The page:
"Any time you do a sequel you ask 'how can I top what I did before? Which is kind of silly, but this story took us to where we should be," Mendes tells Billboard. "We wanted to show the diversity of Brazilian music. It was a chance to bring different textures, different instruments from bands like Uakti who play PVC pipes and (the a cappella ensemble) Barbatuques. The key thing was to be different than the music in the first movie."
To create the film's music, Mendes and Brown met with director Carlos Saldanha in the studio of composer John Powell to write songs based on Saldanha's script and scene descriptions. Brown would start the songs rhythmically and Mendeswould contribute melodies; once the song took shape, Powell would fine tunesongs and score to fit together.
"The whole thing was a vibe," says Saldanha, who met Monae at a Rock in Rio concert soon after the first film was released in 2011. "When we spoke with Janelle we wanted a fun, festive song with a message of love and of hope. It had to convey the energy of Rio, something everyone could dance to, and when we heard it we could see it playing anywhere."
Beyond "Rio 2," Mendes and Brown have contributed a song to Sony Music's official 2014 FIFA World Cup album "One Love, One Rhythm" that will be released May 12. The Mendes-Brown track, "One Nation," appears along with new music from Pitbull, Shakira and Arlindo Cruz and pairings that include Bebel Gilberto and Lang Lang and Carlos Santana, Wyclef, Avicii and Alexandre Pires. Mendes discussed his projects after a performance in Seattle prior to the "Rio 2" premiere in Miami.
With "Rio 2" finished, are you strictly focusing on the new album?
Yes, it's all original music, all about new songs -- Brazilian music with guests. I wrote with John Legend, who's one of the guests. Carlinhos Brown, Seu Jorge, Milton Nascimento, Maria Cantu. It has the Brazilian magic - percussion, great singers, very contemporary. There's no rapping on it.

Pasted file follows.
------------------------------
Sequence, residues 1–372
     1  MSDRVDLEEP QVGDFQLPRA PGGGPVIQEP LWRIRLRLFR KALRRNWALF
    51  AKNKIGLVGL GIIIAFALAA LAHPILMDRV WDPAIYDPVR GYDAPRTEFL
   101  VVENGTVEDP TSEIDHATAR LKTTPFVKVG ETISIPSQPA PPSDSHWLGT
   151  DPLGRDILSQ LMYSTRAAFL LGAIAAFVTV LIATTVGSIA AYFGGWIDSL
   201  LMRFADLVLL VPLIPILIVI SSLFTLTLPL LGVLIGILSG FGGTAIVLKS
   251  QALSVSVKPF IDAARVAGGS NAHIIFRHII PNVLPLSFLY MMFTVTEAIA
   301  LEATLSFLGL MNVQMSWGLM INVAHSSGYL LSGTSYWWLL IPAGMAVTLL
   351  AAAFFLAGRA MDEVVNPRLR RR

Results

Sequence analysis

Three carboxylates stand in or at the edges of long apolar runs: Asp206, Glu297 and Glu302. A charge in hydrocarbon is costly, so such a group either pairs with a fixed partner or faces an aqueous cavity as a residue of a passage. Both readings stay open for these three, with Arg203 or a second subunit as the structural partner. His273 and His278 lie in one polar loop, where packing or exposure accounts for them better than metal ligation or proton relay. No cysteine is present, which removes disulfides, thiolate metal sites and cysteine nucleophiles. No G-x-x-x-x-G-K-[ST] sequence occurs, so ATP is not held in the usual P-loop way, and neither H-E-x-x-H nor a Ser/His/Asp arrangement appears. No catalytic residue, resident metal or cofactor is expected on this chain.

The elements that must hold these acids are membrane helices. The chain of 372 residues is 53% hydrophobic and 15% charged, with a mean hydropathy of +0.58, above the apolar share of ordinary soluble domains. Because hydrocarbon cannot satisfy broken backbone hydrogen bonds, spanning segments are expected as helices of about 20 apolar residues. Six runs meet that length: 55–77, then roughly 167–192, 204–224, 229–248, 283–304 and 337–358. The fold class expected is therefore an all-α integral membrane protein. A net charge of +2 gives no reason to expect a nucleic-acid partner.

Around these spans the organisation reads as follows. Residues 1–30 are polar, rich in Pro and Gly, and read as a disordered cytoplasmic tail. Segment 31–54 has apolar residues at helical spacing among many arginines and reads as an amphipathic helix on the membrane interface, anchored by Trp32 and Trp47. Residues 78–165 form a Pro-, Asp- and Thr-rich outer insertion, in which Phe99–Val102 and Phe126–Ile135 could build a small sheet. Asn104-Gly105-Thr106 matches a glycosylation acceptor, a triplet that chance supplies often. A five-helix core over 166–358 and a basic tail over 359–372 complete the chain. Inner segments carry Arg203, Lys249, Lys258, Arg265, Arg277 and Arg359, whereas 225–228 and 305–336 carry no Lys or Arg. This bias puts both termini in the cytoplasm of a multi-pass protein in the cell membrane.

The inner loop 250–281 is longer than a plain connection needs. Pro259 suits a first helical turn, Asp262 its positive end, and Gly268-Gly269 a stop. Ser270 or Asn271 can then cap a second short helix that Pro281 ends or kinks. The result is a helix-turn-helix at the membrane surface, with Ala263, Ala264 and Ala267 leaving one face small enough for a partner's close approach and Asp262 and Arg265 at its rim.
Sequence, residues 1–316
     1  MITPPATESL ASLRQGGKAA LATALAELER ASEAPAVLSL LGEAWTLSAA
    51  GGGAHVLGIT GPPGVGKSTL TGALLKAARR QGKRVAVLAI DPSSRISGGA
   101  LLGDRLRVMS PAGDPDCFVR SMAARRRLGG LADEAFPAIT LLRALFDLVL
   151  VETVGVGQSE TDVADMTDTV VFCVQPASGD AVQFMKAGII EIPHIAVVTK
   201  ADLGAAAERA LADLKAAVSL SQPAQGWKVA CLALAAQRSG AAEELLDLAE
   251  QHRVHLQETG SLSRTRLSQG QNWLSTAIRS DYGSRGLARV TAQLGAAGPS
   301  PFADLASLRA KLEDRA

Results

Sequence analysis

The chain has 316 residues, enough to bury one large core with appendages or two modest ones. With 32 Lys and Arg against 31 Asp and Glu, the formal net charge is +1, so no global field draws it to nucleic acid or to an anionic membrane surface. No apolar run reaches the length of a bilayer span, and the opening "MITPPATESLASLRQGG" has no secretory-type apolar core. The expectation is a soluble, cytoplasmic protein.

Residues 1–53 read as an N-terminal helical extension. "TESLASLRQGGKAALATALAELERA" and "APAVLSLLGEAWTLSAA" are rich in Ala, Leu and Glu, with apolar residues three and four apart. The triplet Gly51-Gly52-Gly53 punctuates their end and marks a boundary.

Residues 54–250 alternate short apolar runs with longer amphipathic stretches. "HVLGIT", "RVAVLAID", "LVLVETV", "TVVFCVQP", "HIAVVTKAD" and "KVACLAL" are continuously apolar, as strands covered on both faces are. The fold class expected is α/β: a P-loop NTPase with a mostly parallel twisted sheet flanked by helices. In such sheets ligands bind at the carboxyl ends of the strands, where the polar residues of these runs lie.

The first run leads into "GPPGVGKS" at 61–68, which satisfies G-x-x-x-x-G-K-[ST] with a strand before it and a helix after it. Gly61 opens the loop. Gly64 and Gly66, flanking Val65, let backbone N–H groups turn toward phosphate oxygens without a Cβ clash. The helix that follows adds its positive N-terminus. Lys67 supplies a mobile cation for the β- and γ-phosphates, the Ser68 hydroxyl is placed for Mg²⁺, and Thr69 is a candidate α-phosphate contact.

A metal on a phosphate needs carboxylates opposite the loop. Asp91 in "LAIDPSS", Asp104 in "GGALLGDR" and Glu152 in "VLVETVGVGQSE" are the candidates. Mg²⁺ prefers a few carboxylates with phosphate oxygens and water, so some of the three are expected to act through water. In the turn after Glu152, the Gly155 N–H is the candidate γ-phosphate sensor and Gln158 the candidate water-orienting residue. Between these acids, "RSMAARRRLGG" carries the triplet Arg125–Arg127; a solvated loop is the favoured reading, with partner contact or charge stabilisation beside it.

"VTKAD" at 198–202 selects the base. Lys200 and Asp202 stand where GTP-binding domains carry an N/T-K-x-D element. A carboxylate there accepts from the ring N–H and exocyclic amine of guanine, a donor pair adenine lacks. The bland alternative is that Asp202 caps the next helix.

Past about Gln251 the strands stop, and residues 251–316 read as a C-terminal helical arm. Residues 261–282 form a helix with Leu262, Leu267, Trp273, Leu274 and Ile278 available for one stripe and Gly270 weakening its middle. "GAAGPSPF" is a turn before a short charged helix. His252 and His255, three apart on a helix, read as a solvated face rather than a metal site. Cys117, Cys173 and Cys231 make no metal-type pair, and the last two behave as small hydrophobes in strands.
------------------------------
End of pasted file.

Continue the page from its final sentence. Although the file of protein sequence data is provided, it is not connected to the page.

Obviously you worked with Carlinhos on both of the animated films and you brought Milton into "Rio 2." It's amazing how unique he sounds in the film.
I get goosebumps when I hear Milton. He wrote a brand new song for me. We went to the studio and he started singing it and it was magic.
"Rio 2" has a lot more involvement with Brazilian musicians that the first one. How did that come about?
The first movie was based on the music of Rio de Janeiro. One of my suggestions was to go Brazil and we went to Belo Horizonte where Milton and this group Uakti come from. We wanted to show the diversity of Brazilian music and go across the Amazon and find a way to bring different textures and instruments. It provided me with the opportunity to suggest Uakti, Milton, Babatuques and Carlinhos Brown. It's no longer just Carnival music from Rio.
The flavor of the music becomes increasingly Brazilian as the film goes along.
Until the big party at the end.
There had to be some trust between you and the director and the artists to be able to expand that palette.
It's the story. Carlos Saldanha is a brilliant young director and he's really the inspiration for the whole thing. Carlos, being from down there, was helpful whenever we had an idea or were looking for an approach. We were always inspired by the story.
While you, Brown and various lyricists are credited with most of the songs, the composer John Powell produced many of them. What was his role beyond writing the score?
John Powell was a very important collaborator. He's from England, but he knows more about Brazilian music than any Englishman I know. He delivered the orchestrations, the sounds. Uakti plays PVC pipes and they brought a totally different texture the movie. John was able to assimilate that and translate it to the movie.
This should be a very busy year for you with "Rio 2," the new album and a tour. When will we see you in the U.S.?
Probably in the fall or late summer, I hope. We're going to Japan at end of May, Europe in July for the music festivals.
Any performance during the World Cup?
If they would invite me. (He laughs). It would be great to play ‘Girl from Ipanema,' ‘Mas Que Nada' and ‘One Nation' (at the World Cup). That would be a dream of mine.
It's amazing how 'Girl From Ipanema' stands the test of time. A landmark song at the time, nothing from Brazil has surpassed it in terms of popularity.
I played last night in Seattle and it got a wonderful reaction from the audience. I played it back in 1962 when I was starting out, more and less. I remember the first time I came to play in the United States in November of 1962 at Carnegie Hall with Jobim, Joao Gilberto, Luiz Bonfa, Stan Getz. I still feel the same vibe that I did then. It owes to the power of Antonio Carlos Jobim, my friend and mentor.